Perfect simulation  and the EM algorithm are the main topics in this thesis. In paper I, we present coupling from the past (CFTP) algorithms that generate perfectly distributed samples from the multi-type Widom--Rowlin-son (W--R) model and some generalizations of it. The classical W--R model is a point process in the plane or the  space consisting of points of several different types. Points of different types are not allowed to be closer than some specified distance, whereas points of the same type can be arbitrary close. A stick-model and soft-core generalizations are also considered. Further, we  generate samples without edge effects, and give a bound on sufficiently small intensities (of the points) for the algorithm to terminate.

In paper II, we consider the  forestry problem on how to estimate  seedling dispersal distributions and effective plant fecundities from spatially data of adult trees  and seedlings, when the origin of the seedlings are unknown.   Traditional models for fecundities build on allometric assumptions, where the fecundity is related to some  characteristic of the adult tree (e.g.\ diameter). However, the allometric assumptions are generally too restrictive and lead to nonrealistic estimates. Therefore we present a new model, the unrestricted fecundity (UF) model, which uses no allometric assumptions. We propose an EM algorithm to estimate the unknown parameters.   Evaluations on real and simulated data indicates better performance for the UF model.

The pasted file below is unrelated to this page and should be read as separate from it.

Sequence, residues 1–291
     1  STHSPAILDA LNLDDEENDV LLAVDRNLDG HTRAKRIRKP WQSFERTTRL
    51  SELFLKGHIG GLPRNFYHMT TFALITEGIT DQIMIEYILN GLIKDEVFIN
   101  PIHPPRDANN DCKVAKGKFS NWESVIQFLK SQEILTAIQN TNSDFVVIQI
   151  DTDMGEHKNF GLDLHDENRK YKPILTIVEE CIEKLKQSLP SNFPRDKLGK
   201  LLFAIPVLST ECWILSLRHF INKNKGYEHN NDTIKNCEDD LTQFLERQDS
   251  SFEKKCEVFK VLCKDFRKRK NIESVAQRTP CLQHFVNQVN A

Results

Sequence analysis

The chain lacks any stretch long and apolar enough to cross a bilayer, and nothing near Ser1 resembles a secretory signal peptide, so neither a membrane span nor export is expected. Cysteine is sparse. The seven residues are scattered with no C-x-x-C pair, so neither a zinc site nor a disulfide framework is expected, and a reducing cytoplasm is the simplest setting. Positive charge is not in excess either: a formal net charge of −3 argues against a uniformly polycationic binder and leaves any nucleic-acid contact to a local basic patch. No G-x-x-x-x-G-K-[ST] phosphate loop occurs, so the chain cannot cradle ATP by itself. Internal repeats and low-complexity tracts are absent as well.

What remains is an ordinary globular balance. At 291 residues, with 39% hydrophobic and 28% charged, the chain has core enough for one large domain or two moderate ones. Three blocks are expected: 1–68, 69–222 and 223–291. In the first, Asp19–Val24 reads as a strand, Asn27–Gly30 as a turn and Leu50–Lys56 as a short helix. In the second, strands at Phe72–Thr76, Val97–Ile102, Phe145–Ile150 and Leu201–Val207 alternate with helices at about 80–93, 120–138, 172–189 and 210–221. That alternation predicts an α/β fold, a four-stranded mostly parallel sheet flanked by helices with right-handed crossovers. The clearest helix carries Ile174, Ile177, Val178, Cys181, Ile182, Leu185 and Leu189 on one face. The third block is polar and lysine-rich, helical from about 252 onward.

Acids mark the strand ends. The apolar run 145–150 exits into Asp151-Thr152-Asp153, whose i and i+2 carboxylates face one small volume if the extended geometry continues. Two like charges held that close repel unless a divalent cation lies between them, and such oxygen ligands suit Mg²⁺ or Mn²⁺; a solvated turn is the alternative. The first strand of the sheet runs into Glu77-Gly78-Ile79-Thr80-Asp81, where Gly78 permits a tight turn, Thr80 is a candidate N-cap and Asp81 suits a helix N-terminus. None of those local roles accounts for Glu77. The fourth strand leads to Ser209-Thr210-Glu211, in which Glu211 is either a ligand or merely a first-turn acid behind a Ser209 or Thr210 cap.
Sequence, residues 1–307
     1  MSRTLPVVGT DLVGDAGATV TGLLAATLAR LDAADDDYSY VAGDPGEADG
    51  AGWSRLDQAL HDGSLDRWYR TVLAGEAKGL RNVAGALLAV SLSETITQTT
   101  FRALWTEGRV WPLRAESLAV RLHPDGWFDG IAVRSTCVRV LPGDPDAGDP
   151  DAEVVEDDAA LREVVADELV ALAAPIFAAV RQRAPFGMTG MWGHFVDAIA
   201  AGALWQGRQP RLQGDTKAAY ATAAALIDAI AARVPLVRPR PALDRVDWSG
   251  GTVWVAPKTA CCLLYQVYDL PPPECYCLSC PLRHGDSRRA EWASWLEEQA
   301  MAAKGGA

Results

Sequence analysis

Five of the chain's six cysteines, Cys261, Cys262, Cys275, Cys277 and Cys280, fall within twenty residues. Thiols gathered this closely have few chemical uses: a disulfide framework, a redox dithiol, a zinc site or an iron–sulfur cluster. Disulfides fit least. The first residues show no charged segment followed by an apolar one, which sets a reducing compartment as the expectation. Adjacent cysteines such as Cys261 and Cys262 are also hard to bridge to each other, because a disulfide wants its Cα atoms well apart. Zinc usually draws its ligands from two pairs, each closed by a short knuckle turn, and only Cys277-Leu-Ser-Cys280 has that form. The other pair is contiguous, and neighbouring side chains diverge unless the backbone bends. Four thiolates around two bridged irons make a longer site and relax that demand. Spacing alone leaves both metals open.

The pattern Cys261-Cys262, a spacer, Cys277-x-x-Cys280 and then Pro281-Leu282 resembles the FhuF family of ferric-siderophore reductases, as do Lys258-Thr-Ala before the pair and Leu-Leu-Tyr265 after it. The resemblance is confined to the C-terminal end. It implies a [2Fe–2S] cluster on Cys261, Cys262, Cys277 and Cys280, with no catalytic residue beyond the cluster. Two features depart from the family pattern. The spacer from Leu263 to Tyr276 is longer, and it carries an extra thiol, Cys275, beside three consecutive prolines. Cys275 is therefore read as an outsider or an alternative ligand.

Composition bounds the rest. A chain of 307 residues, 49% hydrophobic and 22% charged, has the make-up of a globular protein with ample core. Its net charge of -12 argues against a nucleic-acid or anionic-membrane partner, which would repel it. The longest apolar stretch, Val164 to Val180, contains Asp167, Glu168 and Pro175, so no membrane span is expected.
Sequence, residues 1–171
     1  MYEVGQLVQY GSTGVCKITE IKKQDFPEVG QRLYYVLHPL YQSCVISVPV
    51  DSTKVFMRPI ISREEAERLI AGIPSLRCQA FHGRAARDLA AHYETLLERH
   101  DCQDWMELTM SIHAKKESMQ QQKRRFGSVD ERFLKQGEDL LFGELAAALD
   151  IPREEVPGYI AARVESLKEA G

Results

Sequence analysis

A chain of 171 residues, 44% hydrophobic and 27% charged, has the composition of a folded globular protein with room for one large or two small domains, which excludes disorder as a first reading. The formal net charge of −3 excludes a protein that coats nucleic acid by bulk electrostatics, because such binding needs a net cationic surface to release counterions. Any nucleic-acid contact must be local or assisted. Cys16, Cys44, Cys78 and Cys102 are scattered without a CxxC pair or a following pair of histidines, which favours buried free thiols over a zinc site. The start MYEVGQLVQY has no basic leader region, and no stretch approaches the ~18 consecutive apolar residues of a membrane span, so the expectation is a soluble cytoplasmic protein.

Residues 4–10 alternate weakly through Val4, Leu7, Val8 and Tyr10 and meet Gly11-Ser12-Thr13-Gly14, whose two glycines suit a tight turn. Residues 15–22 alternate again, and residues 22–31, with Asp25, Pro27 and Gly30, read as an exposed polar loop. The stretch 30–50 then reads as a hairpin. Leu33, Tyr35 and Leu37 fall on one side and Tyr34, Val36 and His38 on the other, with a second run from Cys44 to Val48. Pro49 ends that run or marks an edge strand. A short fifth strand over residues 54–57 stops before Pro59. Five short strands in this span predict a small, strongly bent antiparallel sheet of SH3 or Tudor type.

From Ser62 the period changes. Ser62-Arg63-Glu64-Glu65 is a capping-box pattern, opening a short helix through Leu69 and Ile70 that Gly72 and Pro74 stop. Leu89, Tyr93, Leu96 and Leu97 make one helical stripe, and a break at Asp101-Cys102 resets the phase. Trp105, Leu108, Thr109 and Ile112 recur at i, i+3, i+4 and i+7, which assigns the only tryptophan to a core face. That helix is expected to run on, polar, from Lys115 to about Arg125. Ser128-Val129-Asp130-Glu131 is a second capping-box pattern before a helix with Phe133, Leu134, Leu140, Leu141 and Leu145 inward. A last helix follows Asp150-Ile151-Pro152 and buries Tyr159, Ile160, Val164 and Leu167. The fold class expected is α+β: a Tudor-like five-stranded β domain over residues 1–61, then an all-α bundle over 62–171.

In paper III, we propose  EM algorithms to  estimate the passage time distribution on a graph.Data is obtained by observing a flow only at the nodes -- what happens on the edges is unknown. Therefore the sample of passage times, i.e. the times it takes for the flow to stream between two neighbors, consists of right censored and uncensored observations where it sometimes is unknown which is which.       For discrete passage time distributions, we show that the maximum likelihood (ML) estimate is strongly consistent under certain  weak conditions. We also show that our propsed EM algorithm  converges to the ML estimate if the sample size is sufficiently large and the starting value is sufficiently close to the true parameter. In a special case we show that it always converges.  In the continuous case, we propose an EM algorithm for fitting  phase-type distributions to data.

Place, publisher, year, edition, pages
Umeå: Print & Media, 2010. 29 p.
Doctoral thesis / Umeå University, Department of Mathematics, ISSN 1102-8300
Perfect simulation, coupling from the past, Markov chain Monte Carlo, point process, Widom-Rowlinson model, EM algorithm, dispersal distribution, fecundity, first-passage percolation
National Category
Probability Theory and Statistics
Research subject
Mathematical Statistics
urn:nbn:se:umu:diva-33779 (URN)978-91-7264-985-9 (ISBN)
Public defence
2010-06-01, N420, Umeå universitet, Umeå, 13:01 (English)
Available from: 2010-05-07 Created: 2010-05-06 Last updated: 2010-05-07Bibliographically approved